Fighting Radiation In Fighting Cancer

I took this picture of my mother a week ago. She is recovering well from surgery. The surgery was one month ago. She was first diagnosed with thyroid cancer two months ago.

These two months have been rough. In addition to seeing doctors and making hospital arrangements, I travelled twice to Beijing for work. These trips were also rough – impossibly tricky negotiations, severely dry cold weather, and the worst traffic jams.

In the north, one of the worst natural disasters was played out in Japan. I have stopped counting the number of aftershocks since March 11th. I have also stopped reading news on the short and long-term devastation this earthquake-tsunami has inflicted.

Fukushima is this generation’s Chernobyl, just a lot worse. Japan is a nation of old people. In Futaba where Japan’s Fukushima Dai-ichi plant is located, farmers are reluctant to leave. Against the warnings of the authorities, many return from evacuation shelters to feed their cattle, rescue their pets and spend a few precious hours in their homes.

But for the rest of the world, the level of radiation fears hit an all time high, casting a deadly pall over nearly anything Japanese, especially Japanese food. I was in Beijing when there was a mad rush for salt! There is a new wave of fear of radiation.

The last two months have been some of the most stressful in my adult life. I thought I took everything in my stride, but stress had a way of creeping up on you. This long Good Friday weekend, the weight of the past weeks is finally taking its toll. I am paralysed with fatigue. Drained emotionally.

My biggest source of stress is the thought of introducing radiation into the aged body of my mother. While everyone is trying to avoid radiation, I am asked to subject my mother to days, weeks and months of radiation.

Post surgery treatment for thyroid cancer includes 6 weeks, 5 days a week, of radiotherapy. And oral intake of radioactive iodine which will require her to be hospitalised and isolated for 3 days.

Initially, we saw them as part and parcel of the total treatment which started with surgery. In fact, we were told how mild the side effects of such treatments would be. Then in our last visit to the hospital, which included additional scans and tests, the side effects of the radiotherapy and radioactive iodine were clearly spelled out.

I listened with a dropped jaw. There are permanent and temporary side effects. The permanent side effects include a lost of taste, dryness of mouth, stiffness and inability to move the neck, skin scaling and skin colouration. Temporary side effects include extreme fatigue, lost of appetite and mood swings.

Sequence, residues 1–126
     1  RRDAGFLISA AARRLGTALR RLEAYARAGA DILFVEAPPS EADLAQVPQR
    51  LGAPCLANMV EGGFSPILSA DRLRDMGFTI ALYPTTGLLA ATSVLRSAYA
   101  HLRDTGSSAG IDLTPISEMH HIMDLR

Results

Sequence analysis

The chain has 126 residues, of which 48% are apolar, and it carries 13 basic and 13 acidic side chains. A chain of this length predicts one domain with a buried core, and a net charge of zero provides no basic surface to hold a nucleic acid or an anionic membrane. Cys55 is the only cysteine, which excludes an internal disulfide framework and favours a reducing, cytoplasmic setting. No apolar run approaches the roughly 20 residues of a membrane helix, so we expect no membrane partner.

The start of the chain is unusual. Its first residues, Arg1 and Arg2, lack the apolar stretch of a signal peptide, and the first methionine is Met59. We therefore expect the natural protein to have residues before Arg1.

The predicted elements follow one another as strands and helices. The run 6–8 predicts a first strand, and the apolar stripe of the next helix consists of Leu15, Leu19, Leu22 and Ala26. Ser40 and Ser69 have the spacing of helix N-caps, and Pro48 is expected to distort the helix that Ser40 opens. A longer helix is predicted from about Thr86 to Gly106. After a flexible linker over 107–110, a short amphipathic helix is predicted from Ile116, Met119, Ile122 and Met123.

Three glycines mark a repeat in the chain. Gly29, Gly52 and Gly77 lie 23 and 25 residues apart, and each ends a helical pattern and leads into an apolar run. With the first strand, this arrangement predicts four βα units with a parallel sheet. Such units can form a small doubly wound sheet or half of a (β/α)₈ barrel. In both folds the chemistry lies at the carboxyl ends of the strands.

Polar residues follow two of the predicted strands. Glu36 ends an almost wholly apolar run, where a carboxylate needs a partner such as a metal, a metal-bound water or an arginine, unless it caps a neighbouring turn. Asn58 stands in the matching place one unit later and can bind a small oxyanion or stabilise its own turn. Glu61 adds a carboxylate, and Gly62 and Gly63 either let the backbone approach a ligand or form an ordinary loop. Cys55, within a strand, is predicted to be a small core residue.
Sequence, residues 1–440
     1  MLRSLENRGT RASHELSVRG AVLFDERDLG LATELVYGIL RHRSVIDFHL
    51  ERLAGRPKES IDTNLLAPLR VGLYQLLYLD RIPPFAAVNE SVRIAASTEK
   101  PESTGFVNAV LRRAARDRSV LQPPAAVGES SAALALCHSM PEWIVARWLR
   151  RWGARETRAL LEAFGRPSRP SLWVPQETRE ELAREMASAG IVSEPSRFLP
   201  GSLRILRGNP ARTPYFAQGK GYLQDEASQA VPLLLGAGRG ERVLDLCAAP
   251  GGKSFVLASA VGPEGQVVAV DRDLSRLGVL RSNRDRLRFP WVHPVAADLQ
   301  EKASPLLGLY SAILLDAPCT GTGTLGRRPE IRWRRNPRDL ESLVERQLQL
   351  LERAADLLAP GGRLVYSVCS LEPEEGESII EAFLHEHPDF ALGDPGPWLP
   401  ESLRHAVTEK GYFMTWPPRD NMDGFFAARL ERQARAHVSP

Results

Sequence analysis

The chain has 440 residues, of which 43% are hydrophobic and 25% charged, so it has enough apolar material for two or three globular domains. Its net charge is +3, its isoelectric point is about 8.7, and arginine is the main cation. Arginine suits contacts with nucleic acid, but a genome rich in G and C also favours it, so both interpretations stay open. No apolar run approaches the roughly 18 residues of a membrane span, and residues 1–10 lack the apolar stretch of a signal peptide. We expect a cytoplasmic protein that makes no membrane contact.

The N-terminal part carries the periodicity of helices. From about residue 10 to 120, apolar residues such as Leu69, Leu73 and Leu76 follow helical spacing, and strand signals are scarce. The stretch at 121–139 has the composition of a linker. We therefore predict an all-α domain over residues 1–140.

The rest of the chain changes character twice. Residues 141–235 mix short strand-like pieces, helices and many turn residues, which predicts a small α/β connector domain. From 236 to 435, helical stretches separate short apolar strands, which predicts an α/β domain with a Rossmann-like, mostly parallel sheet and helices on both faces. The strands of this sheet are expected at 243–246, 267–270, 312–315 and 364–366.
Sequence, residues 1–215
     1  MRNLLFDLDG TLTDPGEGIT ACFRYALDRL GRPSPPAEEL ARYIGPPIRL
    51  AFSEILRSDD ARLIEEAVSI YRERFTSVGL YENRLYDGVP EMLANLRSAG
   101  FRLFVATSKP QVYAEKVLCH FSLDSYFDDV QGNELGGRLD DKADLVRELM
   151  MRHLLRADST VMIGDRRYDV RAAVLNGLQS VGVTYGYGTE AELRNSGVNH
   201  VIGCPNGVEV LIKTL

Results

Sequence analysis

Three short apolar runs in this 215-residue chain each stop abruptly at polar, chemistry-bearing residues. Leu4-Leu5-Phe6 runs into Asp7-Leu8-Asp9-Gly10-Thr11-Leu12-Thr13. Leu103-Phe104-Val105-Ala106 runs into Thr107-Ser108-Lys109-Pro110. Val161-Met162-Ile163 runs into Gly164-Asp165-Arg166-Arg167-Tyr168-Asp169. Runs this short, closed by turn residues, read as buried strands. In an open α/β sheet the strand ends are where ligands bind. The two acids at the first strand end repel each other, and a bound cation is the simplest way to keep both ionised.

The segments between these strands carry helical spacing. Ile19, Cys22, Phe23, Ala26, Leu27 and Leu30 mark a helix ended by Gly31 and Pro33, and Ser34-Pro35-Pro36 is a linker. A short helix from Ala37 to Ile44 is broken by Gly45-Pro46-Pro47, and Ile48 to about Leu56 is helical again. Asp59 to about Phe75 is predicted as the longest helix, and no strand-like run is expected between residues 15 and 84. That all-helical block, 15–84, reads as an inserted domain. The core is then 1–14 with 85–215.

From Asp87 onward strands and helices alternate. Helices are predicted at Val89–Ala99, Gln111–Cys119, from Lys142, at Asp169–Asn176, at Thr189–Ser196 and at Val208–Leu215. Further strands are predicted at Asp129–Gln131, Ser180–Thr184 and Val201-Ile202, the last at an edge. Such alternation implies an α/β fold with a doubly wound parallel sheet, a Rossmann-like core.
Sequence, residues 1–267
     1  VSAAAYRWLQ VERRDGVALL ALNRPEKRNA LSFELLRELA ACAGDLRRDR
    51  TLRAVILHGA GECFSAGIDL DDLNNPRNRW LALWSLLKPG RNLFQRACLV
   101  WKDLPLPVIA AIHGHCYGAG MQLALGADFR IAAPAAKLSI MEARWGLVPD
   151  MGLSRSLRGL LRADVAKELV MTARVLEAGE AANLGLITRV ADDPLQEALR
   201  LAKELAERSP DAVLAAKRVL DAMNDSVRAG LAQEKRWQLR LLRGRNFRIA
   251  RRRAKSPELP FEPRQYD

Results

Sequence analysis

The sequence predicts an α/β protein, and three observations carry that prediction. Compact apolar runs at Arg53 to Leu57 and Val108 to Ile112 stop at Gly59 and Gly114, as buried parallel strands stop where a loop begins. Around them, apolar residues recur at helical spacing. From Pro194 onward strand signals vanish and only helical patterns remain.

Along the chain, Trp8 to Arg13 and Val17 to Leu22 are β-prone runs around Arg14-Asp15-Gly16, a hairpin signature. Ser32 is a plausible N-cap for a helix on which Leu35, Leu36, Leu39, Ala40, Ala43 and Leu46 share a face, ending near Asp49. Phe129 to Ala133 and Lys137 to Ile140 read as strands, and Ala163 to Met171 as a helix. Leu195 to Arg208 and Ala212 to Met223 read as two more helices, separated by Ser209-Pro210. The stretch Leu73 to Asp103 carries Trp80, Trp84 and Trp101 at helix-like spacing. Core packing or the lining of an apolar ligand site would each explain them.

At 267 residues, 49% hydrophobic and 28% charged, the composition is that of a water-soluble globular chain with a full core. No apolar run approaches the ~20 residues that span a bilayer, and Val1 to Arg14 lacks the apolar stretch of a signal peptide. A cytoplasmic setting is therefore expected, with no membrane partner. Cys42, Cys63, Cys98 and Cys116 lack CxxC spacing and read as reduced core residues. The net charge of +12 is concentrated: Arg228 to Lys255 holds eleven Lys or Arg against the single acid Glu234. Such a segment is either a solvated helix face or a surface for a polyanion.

At my mother’s age, surviving the surgery is a miracle. Even a young person will be worn down by 6 weeks, 5 days a week, of radiotherapy. The daily trips to the hospital, the waiting, the actual treatments – collectively I think it will be more traumatic than the surgery itself. For my mother, it may permanently affect her quality of life, something I want to avoid at all cost.

Western cancer treatment – using poison against poison – reminds me of the random search for Saddam Hussein and the weapons of mass destruction. Such search and destroy missions have killed countless civilian and innocent lives. The introduction and repeated doses of radiation into a human body, while killing the cancer cells, will kill every and anything in its path. It is collateral damage; it is as lethal as the disease is malignant.

Can my mother take such treatments at her age? Should I look to alternative options of treatment now that she has successfully completed surgery? I am of course open to more views from the doctors, but I am inclined to keep my mother away from radiation. She is not an old resident of Futaba. But am I making the right decision for her?

At the Singapore Cancer Centre, while waiting for my number to be called, waiting to see the doctors, waiting to pay the bills, and waiting to collect test results, I had the time to observe. Others fighting cancer. Most fighting cancer with radiation. They were not in the pink of health. Imagined or real, I saw tireless determination on their faces.

I try to remember these determined expressions. They help me get through a rough day.

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3 Responses to Fighting Radiation In Fighting Cancer

  1. 决明 says:

    常听人问:什么花最漂亮?怎样的人心里最快乐?看到云妈妈这张跟手术之前完全没有分别的灿烂的笑容,心里有了答案,我彷彿从云妈妈那里认真地上了宝贵的一课。
    要替自己的妈妈决定这么重大的事,真的是不容易!它是种无形的压力,就像千斤重的担子那样的全压在肩上,但是换个角度去想想,比起云妈妈这个年纪所承受的,那压力也许根本不算什么,这样想或许心里会感到比较安慰些吧!
    云妈妈未来的治疗更需要家人的互相扶持,希望你能坚强地帮助云妈妈渡过这个艰难的时刻,祝愿云妈妈早日康复!加油!加油!再加油!

  2. Pat Sim says:

    Dear Daniel,
    My thoughts and my prayers are with you and your mom. Please do not hesitate to call if there is anything I can do to help. I admire the strength and depth of your love for your mom. May God continue to extend His healing hands on your mom, and strengthen you in this stressful time…
    Pat

  3. Karen Louis says:

    Daniel, a sweet tribute to your mother, and a vulnerable statement from you…my heart goes out to you as you suffer from the son’s point of view, and to your mum as she suffers from the “patient’s” point of view. Please take care of yourself, your health, your well-being. Hope you get some rest soon and please call us if you would like to chat about these things…

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